Mike Smee of CBC News reports on the latest regarding Victoria University’s holding of extensive amounts of Bloor Street West retail property while paying few taxes.
The head of Victoria University tried to convince Toronto councillors the school can come to a deal with the city — without involving the province — about the controversial tax-free status of the land the institution owns in an upscale Yorkville neighbourhood.
William Robins appeared before the government management committee Tuesday to answer questions as city staff want the school to pay taxes on a parcel of land it owns on the so-called mink mile; the school’s tenants include names like Prada, Cartier, and Michael Kors.
“You can understand, I’m sure, that on the face of it, it looks as if some of the city’s most successful and lucrative retailers are potentially getting a break while we are struggling with our revenues at the city,” Coun. Janet Davis said.
While the school — better known as the University of Toronto’s Victoria College — does not pay property taxes on the land, it’s unclear whether it does on the buildings themselves.
“The lease arrangements are complicated,” Robins told the government management committee. “But this is very much part of the ongoing negotiations with city staff, I can assure you that.”
David Rider writes at the Toronto Star about how Victoria University, a component of the University of Toronto, owns a Bloor Street West address but pays no property tax owing to mid-20th century legislation. This is news to a lot of people.
The owner of top-dollar land under a swanky Yorkville mall pays zero property taxes to the city — a multimillion-dollar anomaly that infuriated councillors fighting over “scraps” to fund vital services.
Victoria University, a federated college of the University of Toronto, owns 131 Bloor St. W. in the heart of the posh “Mink Mile” shopping strip. Revenue Properties leases the land and owns The Colonnade — 71,156 square feet of apartments plus luxury shops, including Cartier, Chanel and Escada — atop it.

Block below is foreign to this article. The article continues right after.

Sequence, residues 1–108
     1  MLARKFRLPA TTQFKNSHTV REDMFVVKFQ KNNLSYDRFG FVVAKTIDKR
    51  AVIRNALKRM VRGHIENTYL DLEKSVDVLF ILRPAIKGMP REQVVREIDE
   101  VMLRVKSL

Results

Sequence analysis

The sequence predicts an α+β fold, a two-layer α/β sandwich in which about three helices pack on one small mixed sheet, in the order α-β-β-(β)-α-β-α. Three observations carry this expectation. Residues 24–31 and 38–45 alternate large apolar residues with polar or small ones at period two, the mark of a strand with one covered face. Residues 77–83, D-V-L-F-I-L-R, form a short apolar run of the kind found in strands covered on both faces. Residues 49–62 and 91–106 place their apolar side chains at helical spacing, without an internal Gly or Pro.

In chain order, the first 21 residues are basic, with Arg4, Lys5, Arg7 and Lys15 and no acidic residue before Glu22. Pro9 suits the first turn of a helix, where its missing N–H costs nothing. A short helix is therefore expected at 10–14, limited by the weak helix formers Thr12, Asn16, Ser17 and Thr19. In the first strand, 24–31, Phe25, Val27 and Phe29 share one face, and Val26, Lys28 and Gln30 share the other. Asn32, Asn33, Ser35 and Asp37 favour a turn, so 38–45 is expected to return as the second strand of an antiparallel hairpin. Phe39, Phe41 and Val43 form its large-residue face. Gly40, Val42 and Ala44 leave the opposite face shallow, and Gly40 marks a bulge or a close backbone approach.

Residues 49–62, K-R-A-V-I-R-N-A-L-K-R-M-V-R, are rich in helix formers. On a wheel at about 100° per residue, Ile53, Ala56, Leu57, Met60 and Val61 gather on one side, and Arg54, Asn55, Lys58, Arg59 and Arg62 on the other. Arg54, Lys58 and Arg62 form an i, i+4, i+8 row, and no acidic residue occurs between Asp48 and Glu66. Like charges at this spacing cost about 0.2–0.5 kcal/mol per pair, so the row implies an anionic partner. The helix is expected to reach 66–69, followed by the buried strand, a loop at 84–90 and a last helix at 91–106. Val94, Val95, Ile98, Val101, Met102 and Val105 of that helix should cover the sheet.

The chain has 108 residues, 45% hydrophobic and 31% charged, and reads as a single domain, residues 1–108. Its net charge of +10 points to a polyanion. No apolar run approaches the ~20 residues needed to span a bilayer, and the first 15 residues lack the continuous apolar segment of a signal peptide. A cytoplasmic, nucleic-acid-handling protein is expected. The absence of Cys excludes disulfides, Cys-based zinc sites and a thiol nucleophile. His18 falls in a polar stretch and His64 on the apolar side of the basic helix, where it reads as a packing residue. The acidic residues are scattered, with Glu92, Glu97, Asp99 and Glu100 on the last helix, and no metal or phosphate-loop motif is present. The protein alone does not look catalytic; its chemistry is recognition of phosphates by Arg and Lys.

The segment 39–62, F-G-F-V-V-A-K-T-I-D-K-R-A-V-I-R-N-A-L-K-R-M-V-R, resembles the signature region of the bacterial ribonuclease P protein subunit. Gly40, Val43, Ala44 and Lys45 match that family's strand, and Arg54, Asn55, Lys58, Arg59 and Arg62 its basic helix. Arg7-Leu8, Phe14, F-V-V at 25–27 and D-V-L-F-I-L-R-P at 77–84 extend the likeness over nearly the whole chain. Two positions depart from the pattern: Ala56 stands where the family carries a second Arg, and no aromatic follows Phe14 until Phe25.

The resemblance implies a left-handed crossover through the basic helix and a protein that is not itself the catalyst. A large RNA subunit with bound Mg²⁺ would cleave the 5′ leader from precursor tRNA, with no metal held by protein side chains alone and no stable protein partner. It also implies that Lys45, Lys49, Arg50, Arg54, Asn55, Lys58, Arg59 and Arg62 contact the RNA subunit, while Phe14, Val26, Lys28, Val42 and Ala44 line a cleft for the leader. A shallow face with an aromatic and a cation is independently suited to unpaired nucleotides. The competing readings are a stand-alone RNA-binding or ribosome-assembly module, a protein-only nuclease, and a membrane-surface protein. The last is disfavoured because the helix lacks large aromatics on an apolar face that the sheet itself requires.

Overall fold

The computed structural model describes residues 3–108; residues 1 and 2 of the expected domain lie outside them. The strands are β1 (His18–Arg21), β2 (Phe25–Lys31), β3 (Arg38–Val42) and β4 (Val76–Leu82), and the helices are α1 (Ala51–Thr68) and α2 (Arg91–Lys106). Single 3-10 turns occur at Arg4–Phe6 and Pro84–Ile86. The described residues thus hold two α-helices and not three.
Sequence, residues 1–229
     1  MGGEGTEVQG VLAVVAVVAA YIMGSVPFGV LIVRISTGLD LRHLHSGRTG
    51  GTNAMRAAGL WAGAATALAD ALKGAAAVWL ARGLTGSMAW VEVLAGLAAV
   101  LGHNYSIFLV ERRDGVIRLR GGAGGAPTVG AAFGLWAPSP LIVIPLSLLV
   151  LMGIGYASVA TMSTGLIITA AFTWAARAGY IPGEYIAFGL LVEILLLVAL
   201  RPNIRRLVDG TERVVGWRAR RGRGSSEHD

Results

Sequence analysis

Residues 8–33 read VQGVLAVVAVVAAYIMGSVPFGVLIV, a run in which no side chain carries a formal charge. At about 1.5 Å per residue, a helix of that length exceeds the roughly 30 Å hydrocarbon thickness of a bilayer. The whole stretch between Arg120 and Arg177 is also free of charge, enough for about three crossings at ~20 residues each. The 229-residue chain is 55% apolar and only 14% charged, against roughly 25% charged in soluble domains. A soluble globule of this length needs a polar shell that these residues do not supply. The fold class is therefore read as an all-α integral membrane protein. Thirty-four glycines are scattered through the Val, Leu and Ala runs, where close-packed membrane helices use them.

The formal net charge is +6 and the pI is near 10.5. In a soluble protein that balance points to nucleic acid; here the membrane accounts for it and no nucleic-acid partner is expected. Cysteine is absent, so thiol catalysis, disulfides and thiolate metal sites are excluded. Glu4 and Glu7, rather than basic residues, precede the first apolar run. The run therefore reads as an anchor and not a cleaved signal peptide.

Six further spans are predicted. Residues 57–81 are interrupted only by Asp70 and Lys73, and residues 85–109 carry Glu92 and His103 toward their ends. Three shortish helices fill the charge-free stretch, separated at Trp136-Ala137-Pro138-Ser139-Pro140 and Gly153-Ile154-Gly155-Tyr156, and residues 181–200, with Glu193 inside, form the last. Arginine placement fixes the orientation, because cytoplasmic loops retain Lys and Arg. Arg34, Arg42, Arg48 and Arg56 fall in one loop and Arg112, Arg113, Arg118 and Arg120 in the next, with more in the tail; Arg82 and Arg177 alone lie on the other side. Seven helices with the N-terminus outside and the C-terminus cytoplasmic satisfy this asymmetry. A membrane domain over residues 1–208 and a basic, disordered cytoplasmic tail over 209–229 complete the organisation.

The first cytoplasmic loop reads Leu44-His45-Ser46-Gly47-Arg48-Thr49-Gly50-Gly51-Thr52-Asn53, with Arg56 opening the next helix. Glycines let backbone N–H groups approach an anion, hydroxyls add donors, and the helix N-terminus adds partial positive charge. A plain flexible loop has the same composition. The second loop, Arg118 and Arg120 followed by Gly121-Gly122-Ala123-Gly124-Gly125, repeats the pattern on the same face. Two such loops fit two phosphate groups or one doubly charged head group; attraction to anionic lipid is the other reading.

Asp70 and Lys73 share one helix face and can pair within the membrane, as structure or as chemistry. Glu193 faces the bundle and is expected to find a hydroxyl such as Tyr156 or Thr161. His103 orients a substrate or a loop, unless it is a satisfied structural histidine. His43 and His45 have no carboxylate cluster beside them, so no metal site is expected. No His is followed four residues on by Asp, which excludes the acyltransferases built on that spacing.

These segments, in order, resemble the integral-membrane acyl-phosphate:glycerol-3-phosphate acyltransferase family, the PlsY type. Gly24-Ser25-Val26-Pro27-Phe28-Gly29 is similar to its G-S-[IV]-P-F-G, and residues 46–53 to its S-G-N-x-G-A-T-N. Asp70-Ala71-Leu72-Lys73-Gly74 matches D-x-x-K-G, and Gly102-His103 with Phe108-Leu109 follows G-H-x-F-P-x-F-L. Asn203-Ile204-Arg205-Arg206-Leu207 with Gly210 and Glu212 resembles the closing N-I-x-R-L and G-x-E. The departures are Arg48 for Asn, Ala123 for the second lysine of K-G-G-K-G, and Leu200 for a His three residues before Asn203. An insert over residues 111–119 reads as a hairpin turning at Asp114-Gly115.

The 1951 Victoria University Act exempts all the college’s land but not commercial buildings. The U of T enjoys the same exemption but voluntarily pays the city about $240,000 a year in lieu of taxes for a few small commercial properties.
City staff estimate the Victoria exemption cost taxpayers $12.2 million between 2009 and 2015.
“This (tax-exempt) designation was meant for property used for education — not to have a profit centre,” said Kristyn Wong-Tam, the local councillor.
Torontoist’s Nikhil Sharma reports on how locals in Bloordale have been aiming to have more say in what a new community hub, planned for the southwest corner of Bloor and Dufferin, will be like.
Andrea Nann is a homeowner in Toronto’s Bloordale neighbourhood and the parent of a Grade 12 student at Bloor Collegiate Institute. There’s a lot at stake in planning changes to her neighbourhood. Nann is a member of the Building a Better Bloordale Community Group, a collective of people concerned with the sale and redevelopment of Toronto District School Board property at the southwest corner of Bloor Street West and Dufferin Street.